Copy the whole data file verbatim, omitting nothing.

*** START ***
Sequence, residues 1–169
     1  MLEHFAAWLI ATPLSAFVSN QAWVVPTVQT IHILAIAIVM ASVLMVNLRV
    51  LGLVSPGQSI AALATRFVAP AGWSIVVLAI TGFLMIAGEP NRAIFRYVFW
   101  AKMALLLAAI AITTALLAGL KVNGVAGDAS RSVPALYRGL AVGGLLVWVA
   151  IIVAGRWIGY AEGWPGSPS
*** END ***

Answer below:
Sequence, residues 1–169
     1  MLEHFAAWLI ATPLSAFVSN QAWVVPTVQT IHILAIAIVM ASVLMVNLRV
    51  LGLVSPGQSI AALATRFVAP AGWSIVVLAI TGFLMIAGEP NRAIFRYVFW
   101  AKMALLLAAI AITTALLAGL KVNGVAGDAS RSVPALYRGL AVGGLLVWVA
   151  IIVAGRWIGY AEGWPGSPS